Archive for June, 2009

this boy

Sean had a rough day yesterday. After getting to bed a little late the night before, being awakened in the middle of the night by thunder and then kept awake by obnoxious, unsmart, pool-partying teenagers (since when was partying in a pool during a lightning storm such a grand idea?), he was just a tad exhausted yesterday and not exactly on his best behavior. Which for Mr. Dot-my-i’s-and-cross-my-t’s is not normal. He disobeyed all day long about everything, whined/cried/complained about everything, and then, to top it all off, ate all but two little bites of the brownie I was saving for Ben (after already devouring his own, of course). That last infraction is very not normal–he might think about doing something like that, maybe even pretend to do something like that, but very rarely does he actually do it.

Needless to say, I was beginning to doubt my decision to go out for the evening and leave the boys with Chris–not that Chris isn’t capable, of course, but he usually prefers to deal with them when they’re all in a state of normalcy (who wouldn’t?). But just as I was getting ready to leave, Sean looked at me and said in his sweet little voice that we hadn’t heard all day, “Mommy, I like your skirt.” And just like that our little boy was back.

Here’s hoping it stays that way–Sean in a bad mood is not my idea of fun.

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a must-read

One of the hobbies that I have made a point to start up again recently is reading. I convinced myself a few years ago that I didn’t have time to read like I used to, and so I quit doing it, even though I’ve been an avid reader since childhood (growing up without a TV will do that to you–and no, we weren’t Amish, as some people have assumed). But once I started making a point to look for time when I could read, I found lots of it–imagine that! And so I’ve been reading like crazy the last several months and loving every minute of it.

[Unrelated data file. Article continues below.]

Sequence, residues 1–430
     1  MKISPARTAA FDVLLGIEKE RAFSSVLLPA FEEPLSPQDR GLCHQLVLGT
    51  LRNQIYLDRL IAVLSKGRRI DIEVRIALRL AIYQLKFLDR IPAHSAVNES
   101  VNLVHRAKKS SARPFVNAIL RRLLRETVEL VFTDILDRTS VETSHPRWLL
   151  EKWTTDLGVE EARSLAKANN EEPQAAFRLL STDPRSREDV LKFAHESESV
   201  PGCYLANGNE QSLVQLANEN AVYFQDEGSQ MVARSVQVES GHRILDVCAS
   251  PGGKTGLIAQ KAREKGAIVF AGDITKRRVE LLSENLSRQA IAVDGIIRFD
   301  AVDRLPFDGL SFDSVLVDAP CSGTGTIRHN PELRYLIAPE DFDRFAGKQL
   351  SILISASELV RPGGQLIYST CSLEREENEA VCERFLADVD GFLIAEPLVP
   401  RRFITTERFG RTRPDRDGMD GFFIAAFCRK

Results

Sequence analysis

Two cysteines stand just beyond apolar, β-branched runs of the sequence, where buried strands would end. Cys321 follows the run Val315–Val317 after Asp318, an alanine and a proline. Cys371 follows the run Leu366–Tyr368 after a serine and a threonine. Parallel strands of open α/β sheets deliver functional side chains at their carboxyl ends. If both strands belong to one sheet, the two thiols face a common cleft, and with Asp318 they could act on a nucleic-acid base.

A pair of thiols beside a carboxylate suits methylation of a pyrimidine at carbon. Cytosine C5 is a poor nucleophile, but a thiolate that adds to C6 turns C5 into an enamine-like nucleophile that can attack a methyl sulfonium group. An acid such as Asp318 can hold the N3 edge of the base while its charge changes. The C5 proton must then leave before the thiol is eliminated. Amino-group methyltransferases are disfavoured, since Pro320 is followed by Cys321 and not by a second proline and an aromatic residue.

The latest book was Me, Myself, and Bob by Phil Vischer, the guy who created VeggieTales. I’ve always been a VeggieTales fan, ever since the day in high school when my friend Kate was babysitting a little boy and Beth and I went over to visit and ended up dying laughing over Larry the Cucumber singing the hairbrush song. But I had no idea of the ups and downs that went on behind the videos, or of the fact that Mr. Vischer–the man who dreamed up the talking veggies and made them come to life–is no longer even part of it, and not because he wanted it that way. But trust me, if you have any interest in VeggieTales, read this book. If you have any interest in detailed explanations of how things work, read this book. If you have any interest in humorous, engaging storytelling, read this book. If you have any interest in thought-provoking autobiographies, read this book. And if you’ve ever had a dream, especially one that failed or that you’re still waiting to see fulfilled, you most definitely must read this book. You won’t be disappointed, and you might even learn something while you’re at it–something, perhaps, about dreams, God, and talking veggies. Read this book. Trust me.

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My poor, poor little Jonathan. I was looking through my blog labels recently and noticed the following: number of blogs about Sean? 36. Number of blogs about Ben? 26. Number of blogs about Jonathan? One. And I do believe that one was from right after he was born. I had every intention of blogging about all of his monthly milestones like I did with the other two, but for whatever reason I failed to even start. What can I say, he’s the third child. Or maybe I’m just a really neglectful parent. Or maybe both.

As much as my lack of blogging about the little guy may be evidence to the contrary, we really do love him. A lot. All of us, from big to little. And I think my lack of blogging about him can be attributed to one of three things:

::My lack of blogging in general:: I’ll be the first to admit, I haven’t been exactly consistent in writing the last 12 months, so my sharing about Jonathan’s life has naturally suffered. But I’ve already gone into the why’s and wherefore’s behind that, so I won’t do it again here. And I really am going to try to do better. Really.

::I’ve been too busy enjoying the boy himself:: Honestly, when it comes down to it, which would you rather spend your time doing: holding and loving on a sweet fat baby, or writing about him? I thought so. But I do realize I need to figure out a way to balance the two. Because one day (today) I will wish I had done both.

::We’ve already been there, done that:: Now, Joanna, before you have a conniption and start ranting and raving about how later children are so unappreciated and neglected and so on and so forth, let me explain…